It’s the role of the other two founders to ask the right questions, poke, and prod to help the decision-maker arrive at the best decision — whether it’s going with his recommendation or a different course of action.
Once a decision is made, we empower execution and allow that person to move forward with speed and conviction.
This communication and decision-making framework proves its true worth in the midst of adversity.
When teams encounter adversity, the second thing to go is trust. This is especially true if a team hasn’t taken the proper steps to build strong relationships between team members, especially manager-employee relationships. When bad things happen, there’s a tendency to:
- Assume the worst instead of giving others the benefit of the doubt.
- Because the worst is assumed, a “Me-First” mentality replaces the “Team-First” mentality.
- When people are optimizing for the “Me-First” mentality, then the team is infected with systemic lack of trust and suffers irreparable damage.
In reality, the opposite must happen — we need to rely on unwavering trust in each other and collectively as a team to overcome the challenge.
Our approach is to cultivate strong relationships, starting with us as founders. There’s many things we do to cultivate a strong relationship — consistent 360 sessions.
We operate under a culture of transparency and being upfront with each other, coaching sessions with an executive coach, personality tests to better understand how each of us thinks and acts, and spending quality time together to build trust.
All of the above is necessary to build a foundation of trust.
The quickest way to trust is to point out that shit happens…
We get mad, pissed off, and frustrated with each other. But we consistently allow cooler heads to prevail. Give each other the benefit of the doubt.
Rely on past track record instead of extrapolating from a single outlier (i.e. Terry didn’t follow up on X, therefore he isn’t reliable). Communicate proactively, and apologize and take responsibility for our actions to find resolution.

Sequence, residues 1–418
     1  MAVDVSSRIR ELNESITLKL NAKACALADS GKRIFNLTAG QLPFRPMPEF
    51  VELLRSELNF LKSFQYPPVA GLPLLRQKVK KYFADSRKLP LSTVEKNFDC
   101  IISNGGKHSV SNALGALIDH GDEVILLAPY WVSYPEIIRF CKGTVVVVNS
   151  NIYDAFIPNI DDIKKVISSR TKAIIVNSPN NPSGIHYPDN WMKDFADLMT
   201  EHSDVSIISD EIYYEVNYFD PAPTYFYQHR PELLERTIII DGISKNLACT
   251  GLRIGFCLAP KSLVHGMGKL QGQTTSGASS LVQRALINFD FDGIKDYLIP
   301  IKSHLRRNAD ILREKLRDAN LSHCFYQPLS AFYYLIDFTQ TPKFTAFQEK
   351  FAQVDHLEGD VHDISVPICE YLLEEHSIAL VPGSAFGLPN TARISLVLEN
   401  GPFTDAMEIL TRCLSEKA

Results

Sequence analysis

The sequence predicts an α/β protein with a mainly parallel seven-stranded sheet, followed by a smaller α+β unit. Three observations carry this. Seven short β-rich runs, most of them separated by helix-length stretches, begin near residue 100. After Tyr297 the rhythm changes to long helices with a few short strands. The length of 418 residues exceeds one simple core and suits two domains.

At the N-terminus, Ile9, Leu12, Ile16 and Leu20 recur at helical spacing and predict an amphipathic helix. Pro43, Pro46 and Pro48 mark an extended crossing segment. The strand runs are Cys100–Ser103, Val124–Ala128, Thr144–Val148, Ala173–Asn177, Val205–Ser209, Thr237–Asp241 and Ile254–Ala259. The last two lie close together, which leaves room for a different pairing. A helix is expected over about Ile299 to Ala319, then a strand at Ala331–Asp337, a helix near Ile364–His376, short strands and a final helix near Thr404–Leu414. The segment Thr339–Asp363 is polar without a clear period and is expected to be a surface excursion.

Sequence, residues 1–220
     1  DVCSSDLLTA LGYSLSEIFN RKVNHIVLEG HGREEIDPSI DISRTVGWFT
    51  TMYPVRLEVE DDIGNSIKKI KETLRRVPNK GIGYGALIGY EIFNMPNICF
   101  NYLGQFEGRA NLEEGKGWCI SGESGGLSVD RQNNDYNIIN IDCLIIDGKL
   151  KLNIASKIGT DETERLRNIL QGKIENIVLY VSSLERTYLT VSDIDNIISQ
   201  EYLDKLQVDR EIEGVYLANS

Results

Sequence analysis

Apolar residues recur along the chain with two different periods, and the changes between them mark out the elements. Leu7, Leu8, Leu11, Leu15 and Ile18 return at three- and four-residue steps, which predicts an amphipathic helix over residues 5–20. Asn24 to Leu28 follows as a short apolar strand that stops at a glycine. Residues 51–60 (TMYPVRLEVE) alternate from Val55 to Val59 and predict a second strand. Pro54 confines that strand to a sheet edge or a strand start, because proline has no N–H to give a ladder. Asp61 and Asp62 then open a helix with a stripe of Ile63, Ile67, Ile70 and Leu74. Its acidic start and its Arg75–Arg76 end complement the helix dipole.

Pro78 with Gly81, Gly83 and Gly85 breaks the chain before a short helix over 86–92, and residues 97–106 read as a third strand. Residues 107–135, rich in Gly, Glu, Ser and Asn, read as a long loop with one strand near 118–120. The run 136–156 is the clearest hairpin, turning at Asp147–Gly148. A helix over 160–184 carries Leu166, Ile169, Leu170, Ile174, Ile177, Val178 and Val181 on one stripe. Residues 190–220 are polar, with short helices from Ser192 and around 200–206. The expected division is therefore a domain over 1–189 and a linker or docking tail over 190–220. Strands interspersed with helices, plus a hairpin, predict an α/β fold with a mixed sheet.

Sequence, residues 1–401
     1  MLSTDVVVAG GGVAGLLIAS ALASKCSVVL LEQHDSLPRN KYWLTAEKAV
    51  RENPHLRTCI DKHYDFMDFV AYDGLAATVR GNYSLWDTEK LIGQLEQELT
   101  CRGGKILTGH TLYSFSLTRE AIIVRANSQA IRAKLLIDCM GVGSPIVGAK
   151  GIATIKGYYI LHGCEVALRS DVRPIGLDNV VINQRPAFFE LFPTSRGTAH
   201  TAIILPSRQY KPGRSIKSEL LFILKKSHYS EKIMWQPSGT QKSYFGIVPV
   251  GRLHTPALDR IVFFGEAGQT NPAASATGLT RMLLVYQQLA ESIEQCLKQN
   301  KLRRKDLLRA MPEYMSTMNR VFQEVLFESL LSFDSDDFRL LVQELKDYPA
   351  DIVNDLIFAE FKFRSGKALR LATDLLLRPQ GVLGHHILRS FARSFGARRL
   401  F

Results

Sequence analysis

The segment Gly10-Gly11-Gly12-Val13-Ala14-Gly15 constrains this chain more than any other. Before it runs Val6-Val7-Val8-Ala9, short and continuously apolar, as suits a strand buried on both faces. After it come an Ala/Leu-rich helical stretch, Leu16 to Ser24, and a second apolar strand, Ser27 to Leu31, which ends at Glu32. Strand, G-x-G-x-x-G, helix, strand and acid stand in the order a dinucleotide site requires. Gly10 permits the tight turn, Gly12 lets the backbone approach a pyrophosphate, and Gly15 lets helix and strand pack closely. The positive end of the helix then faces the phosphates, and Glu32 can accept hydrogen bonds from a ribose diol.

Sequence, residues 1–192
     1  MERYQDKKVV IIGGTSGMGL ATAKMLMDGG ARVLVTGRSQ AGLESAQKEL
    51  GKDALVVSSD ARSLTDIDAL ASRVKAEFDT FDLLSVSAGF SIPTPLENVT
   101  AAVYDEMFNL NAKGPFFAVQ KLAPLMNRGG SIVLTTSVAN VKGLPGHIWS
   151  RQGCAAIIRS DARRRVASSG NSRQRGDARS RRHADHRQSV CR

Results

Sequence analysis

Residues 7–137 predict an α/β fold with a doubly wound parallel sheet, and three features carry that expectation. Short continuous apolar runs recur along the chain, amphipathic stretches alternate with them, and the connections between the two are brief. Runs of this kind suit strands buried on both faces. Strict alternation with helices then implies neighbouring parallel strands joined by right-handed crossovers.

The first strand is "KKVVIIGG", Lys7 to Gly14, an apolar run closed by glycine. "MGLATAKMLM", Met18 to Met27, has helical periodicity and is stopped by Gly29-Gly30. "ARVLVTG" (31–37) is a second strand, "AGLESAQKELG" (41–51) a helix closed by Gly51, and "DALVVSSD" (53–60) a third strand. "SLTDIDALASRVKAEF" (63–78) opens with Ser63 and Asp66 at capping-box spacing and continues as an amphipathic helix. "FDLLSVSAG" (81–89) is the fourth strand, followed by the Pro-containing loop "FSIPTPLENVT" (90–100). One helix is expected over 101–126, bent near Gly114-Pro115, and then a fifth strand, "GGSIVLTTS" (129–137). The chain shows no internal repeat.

Integrity is one of my favorite words, and to me, it means remaining consistent in your values system. In other words:
“Integrity is who you are when no one is looking.”
When teams encounter adversity, the third thing to go is integrity. This is especially true if a team hasn’t taken the proper steps to outline clear operating principles (or core values although I think this is a buzz phrase among startups). When bad things happen, there’s a tendency to:
- Believe (whether true or not) that you’re the only one acting with integrity.
- Contemplate breaking from your values system because you believe the situation calls for it or everyone else is acting without integrity.
- Act in a manner that lacks integrity and is inconsistent with your values system.
In reality, the opposite must happen — we need to maintain high integrity and rely on our values to overcome the challenge.
Our approach is to outline clear operating principles to guide our decision-making. These guidelines are especially valuable tough situations arise and difficult decisions need to be made.
These operating principles hold us accountable so we bend, but don’t break.
It goes without saying there have been times (and will be more times in the future) where we’re tempted to violate our values. Our goal is to resist that temptation (bend), but not give in (break).